It’s unclear how this sentence bolsters Singhvi’s argumentation. What’s more, Singhvi seems to gloss over what actually happened in John Vallamattom. When invalidating Section 118 of the Succession Act, the Court pointed out that the equivalent provision in English law had already been repealed. The statutory reform in England significantly undercut Section 118’s rationale. But why should developments in England matter to India? Well, here is why according to John Vallamattom:
It may be true that the Indian Parliament is not bound to take note of and amend its statutory enactments keeping in view the amendments made in England. But there cannot be any doubt whatsoever that while interpreting a restrictive statute, one may consider not only the past history of the concerned legislation but the manner in which the same has been dealt with by the legislature of its origin.
The judges in John Vallamattom reasoned that Section 118 was left tottering after the death of its English counterpart. The provision thus fell on its own sword having outlived its purpose. It had to go. Now, you may not agree with this unusual chain of reasoning. Yet, since Singhvi refers approvingly to John Vallamattom, one must ask whether he also approves of its ultimate outcome.
If John Vallamattom’s reasoning were applied to Koushal, it would seriously threaten Section 377’s existence. That’s because the British Parliament de-criminalized homosexual conduct through the Sexual Offences Act in 1967. This statute was based on the famous Wolfenden Committee report. This English reform triggered a domino effect across the Commonwealth. Australia, Canada, New Zealand, Hong Kong, and Fiji updated their criminal laws to drop anti-homosexual provisions. Some of these countries enacted legislative amendments. But, in others, the courts intervened.
Singhvi does not tell us what he thinks of these developments. Interestingly, his Koushal opinion includes a historical account of English anti-sodomy law. But that account begins in 1290 and ends in 1828. After that Singhvi turns abruptly to the Indian Penal Code. He ignores subsequent English changes. He plainly overlooks what many lawyers told him during the hearing. English thought and jurisprudence profoundly influenced the drafting of the Penal Code and Section 377. In fact, as Justice Michael Kirby notes, Section 377 can be considered one of England’s “least lovely law export.” But Singhvi seems unpersuaded by the relevance of this history.
Thus, although he cites John Vallamattom repeatedly, Singhvi acts inconsistently with what it actually decides. This is perhaps, understandable. Had Singhvi fully adhered to John Vallamattom’s logic, he would have to explain why Section 377 ought to survive in a post-Wolfenden Commonwealth jurisdiction.
Clearly unaware that his citations don’t help him, Singhvi continues exploring the presumption principle. He then offers this remarkable proposition:
[A presumption of constitutionality] is founded on the premise that the legislature, being a representative body of the people and accountable to them is aware of their needs and acts in their best interest . . . both pre and post Constitutional laws are manifestations of the will of the people of India through the Parliament and are presumed to be constitutional (emphasis mine).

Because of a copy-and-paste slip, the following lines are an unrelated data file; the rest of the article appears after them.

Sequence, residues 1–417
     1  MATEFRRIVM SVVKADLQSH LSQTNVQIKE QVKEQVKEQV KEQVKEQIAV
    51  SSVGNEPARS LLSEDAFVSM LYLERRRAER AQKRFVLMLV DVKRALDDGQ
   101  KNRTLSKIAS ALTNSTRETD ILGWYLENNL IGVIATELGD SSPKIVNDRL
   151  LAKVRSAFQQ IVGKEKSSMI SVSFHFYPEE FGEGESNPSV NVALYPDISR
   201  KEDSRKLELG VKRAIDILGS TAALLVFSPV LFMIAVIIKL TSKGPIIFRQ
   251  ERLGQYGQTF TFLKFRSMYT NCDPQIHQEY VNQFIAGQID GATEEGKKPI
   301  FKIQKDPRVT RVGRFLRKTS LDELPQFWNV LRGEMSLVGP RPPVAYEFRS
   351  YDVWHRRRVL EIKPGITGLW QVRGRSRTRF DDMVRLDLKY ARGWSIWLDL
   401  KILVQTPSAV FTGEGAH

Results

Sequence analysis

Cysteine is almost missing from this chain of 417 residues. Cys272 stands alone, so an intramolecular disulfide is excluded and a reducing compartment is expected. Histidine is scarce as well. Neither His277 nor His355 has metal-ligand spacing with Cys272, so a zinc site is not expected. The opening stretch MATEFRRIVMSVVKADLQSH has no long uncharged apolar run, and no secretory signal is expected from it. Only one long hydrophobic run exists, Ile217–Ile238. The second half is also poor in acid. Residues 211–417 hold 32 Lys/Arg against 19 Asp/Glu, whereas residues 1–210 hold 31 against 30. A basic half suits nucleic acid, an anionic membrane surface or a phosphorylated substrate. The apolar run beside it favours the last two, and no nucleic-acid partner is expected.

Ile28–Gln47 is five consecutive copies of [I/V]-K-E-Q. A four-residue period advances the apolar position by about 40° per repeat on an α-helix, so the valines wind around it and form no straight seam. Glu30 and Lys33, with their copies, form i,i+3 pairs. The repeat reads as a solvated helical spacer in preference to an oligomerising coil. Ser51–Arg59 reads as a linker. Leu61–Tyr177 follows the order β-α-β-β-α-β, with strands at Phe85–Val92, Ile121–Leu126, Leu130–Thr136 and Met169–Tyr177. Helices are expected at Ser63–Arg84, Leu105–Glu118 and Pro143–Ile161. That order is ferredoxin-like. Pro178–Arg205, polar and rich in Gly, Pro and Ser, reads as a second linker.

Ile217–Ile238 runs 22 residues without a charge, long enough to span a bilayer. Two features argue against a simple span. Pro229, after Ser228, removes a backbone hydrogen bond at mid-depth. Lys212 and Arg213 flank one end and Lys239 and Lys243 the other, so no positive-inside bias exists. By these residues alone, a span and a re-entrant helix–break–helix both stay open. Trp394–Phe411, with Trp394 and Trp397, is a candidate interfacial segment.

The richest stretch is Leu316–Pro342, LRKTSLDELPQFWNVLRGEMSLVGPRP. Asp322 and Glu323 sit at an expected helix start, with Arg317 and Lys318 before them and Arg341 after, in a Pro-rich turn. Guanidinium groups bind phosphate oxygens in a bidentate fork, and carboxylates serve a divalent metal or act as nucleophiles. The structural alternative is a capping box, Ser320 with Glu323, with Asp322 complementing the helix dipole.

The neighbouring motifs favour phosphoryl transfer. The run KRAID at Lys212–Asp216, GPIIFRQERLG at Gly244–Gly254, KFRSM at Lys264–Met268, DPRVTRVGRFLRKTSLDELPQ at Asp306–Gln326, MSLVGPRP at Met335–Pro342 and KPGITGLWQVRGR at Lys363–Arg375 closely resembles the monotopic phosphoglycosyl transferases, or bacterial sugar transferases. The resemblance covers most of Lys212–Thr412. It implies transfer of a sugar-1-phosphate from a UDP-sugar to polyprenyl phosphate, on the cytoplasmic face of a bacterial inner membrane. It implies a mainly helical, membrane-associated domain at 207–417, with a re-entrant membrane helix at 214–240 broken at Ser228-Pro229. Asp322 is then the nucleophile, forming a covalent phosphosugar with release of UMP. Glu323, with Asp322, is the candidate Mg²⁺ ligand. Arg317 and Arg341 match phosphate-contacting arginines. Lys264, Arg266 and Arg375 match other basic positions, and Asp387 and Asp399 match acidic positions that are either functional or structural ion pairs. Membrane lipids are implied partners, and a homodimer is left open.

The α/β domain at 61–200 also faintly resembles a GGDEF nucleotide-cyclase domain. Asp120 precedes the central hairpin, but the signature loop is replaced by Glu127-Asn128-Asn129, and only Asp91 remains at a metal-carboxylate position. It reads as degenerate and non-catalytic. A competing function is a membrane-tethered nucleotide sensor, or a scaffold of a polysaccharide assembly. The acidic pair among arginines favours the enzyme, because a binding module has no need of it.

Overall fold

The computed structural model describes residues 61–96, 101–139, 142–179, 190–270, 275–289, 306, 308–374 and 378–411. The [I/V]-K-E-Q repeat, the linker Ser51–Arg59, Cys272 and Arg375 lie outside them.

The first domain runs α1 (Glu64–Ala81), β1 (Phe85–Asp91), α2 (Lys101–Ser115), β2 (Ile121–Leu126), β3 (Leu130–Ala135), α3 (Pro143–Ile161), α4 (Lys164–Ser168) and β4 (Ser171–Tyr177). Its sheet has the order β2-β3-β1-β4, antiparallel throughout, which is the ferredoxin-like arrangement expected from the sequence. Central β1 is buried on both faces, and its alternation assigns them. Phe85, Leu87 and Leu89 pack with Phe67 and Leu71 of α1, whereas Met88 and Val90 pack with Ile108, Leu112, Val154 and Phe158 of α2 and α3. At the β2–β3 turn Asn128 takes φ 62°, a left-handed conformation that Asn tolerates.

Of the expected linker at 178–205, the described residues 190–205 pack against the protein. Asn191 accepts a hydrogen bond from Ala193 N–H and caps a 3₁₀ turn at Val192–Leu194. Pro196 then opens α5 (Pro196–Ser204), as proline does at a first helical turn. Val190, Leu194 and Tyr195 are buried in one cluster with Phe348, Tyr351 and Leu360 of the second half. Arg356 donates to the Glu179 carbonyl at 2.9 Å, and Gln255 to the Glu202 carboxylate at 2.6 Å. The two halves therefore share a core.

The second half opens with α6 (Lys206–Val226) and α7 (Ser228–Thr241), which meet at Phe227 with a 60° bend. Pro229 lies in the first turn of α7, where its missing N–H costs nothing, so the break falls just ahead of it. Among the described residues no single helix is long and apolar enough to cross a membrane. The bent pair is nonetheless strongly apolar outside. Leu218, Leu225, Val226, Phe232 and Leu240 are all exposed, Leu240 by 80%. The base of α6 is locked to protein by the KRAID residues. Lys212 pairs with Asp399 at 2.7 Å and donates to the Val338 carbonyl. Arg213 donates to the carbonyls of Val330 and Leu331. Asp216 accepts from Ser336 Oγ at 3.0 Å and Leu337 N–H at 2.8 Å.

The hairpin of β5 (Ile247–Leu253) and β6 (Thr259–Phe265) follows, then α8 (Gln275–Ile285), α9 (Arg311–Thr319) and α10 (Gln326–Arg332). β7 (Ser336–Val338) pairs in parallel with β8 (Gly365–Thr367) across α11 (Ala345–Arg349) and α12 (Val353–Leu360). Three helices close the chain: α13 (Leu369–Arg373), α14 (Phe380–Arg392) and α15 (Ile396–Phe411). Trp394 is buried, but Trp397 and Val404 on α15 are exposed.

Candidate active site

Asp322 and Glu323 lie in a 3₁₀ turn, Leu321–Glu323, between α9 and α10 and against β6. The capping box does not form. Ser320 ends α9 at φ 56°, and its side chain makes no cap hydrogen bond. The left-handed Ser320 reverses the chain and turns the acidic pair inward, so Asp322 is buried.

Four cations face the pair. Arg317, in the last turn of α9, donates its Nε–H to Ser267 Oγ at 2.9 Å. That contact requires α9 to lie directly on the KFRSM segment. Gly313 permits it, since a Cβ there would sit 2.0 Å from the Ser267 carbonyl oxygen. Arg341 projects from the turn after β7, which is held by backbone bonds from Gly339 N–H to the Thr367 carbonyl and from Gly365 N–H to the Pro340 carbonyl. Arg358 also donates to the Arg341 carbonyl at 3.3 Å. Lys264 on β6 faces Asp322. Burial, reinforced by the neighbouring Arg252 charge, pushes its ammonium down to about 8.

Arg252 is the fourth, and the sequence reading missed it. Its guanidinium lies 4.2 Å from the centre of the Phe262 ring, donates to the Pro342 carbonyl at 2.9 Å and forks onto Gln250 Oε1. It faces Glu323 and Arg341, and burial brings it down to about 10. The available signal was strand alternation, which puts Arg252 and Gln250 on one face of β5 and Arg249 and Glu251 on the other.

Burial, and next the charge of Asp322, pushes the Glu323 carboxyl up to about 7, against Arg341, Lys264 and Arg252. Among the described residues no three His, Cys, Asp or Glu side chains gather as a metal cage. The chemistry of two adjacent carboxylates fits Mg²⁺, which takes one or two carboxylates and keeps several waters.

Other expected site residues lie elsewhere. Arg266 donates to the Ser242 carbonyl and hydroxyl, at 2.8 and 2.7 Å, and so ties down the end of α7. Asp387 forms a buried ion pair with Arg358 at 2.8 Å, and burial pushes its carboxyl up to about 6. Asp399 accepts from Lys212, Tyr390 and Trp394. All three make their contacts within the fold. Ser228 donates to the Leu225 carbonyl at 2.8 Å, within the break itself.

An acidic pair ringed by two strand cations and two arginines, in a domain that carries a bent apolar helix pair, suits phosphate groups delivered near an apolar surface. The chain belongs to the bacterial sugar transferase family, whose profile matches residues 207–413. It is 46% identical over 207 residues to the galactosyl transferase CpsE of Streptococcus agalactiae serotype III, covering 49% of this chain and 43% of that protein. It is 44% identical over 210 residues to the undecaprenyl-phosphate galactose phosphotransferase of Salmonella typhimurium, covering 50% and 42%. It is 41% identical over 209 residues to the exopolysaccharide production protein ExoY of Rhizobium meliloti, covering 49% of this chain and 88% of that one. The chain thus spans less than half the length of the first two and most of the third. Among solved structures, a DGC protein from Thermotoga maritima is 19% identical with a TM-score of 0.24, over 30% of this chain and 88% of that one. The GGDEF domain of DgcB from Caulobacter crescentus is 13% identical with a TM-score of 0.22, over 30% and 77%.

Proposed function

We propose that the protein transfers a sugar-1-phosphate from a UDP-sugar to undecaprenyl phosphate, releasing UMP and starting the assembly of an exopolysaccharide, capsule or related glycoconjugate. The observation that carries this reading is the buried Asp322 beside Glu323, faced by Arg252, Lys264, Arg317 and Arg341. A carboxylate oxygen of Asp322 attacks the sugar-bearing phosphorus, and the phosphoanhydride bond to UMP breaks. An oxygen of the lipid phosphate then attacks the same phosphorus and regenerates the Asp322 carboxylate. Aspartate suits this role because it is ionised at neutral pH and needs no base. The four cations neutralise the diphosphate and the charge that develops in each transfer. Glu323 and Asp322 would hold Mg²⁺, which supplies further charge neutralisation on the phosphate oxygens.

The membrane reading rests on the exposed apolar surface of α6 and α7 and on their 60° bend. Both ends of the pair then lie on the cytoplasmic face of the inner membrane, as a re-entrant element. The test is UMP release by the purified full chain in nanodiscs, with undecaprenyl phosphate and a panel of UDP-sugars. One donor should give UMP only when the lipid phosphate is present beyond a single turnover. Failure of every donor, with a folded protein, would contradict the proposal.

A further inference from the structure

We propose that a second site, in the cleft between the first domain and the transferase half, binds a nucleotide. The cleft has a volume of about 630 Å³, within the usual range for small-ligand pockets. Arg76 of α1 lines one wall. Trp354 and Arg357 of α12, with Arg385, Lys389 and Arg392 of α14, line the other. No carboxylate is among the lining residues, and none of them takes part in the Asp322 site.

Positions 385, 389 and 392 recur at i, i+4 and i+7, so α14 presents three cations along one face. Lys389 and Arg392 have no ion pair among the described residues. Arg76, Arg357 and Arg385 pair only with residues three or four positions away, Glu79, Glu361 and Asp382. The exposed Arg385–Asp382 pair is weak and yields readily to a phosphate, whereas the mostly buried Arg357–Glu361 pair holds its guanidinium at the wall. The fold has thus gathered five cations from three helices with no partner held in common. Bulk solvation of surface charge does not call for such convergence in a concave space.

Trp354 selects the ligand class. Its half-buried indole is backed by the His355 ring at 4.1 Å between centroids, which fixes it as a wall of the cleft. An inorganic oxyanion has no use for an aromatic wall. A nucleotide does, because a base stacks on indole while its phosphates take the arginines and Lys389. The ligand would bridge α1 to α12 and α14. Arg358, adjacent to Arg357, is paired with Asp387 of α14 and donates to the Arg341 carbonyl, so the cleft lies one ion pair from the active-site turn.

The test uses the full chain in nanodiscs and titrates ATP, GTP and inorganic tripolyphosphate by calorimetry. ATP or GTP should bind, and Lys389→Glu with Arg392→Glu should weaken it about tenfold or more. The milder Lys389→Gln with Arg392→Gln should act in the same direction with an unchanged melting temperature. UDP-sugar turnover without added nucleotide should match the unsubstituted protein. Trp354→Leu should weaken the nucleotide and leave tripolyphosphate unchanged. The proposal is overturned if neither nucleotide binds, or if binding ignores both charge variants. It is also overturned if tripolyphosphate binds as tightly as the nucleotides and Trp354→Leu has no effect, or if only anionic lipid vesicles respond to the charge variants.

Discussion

This passage is simply astonishing. It is one thing to say that India continues to apply a colonial-era statute, like the Penal Code, because it has worked reasonably well. It’s quite another to say that the Penal Code represents the will of Indian people expressed through Parliament. As a matter of fact, the Code was adopted by a committee of the Governor General’s colonial advisors. They called themselves the “legislative council.” But they could hardly be described as representing the Indian people. Not a single Indian sat on the council. It consisted exclusively of twelve male Englishmen. The councillors may have been wise and enlightened men. Indeed, they debated the Code with great precision and foresight. But it’s quite a stretch to assert that they somehow represented the will of Indian people.
After dealing with the presumption principle, Singhvi tackles two related constitutional doctrines: reading down and severability. These doctrines are interpretative techniques that judges deploy to avoid declaring a law unconstitutional. When a court “reads down” a statute, it gives it a modified meaning – one that is consistent with the Constitution. When exercising severability, the Court separates and removes a law’s unconstitutional provisions. The remainder of the law can be saved. Of course, in many cases, this sort of surgery does not always work. A law’s good parts may be so intertwined with its unconstitutional portions that it must be struck down in its entirety.
The high court used a combination of these techniques with respect to Section 377. Although it found the section constitutionally wanting, the high court did not strike down the provision completely. It declared the section unconstitutional only insofar as it restricts consenting same-sex adults from engaging in sexual relations. The section continued to apply to non-consenting sexual acts and to sexual acts involving minors.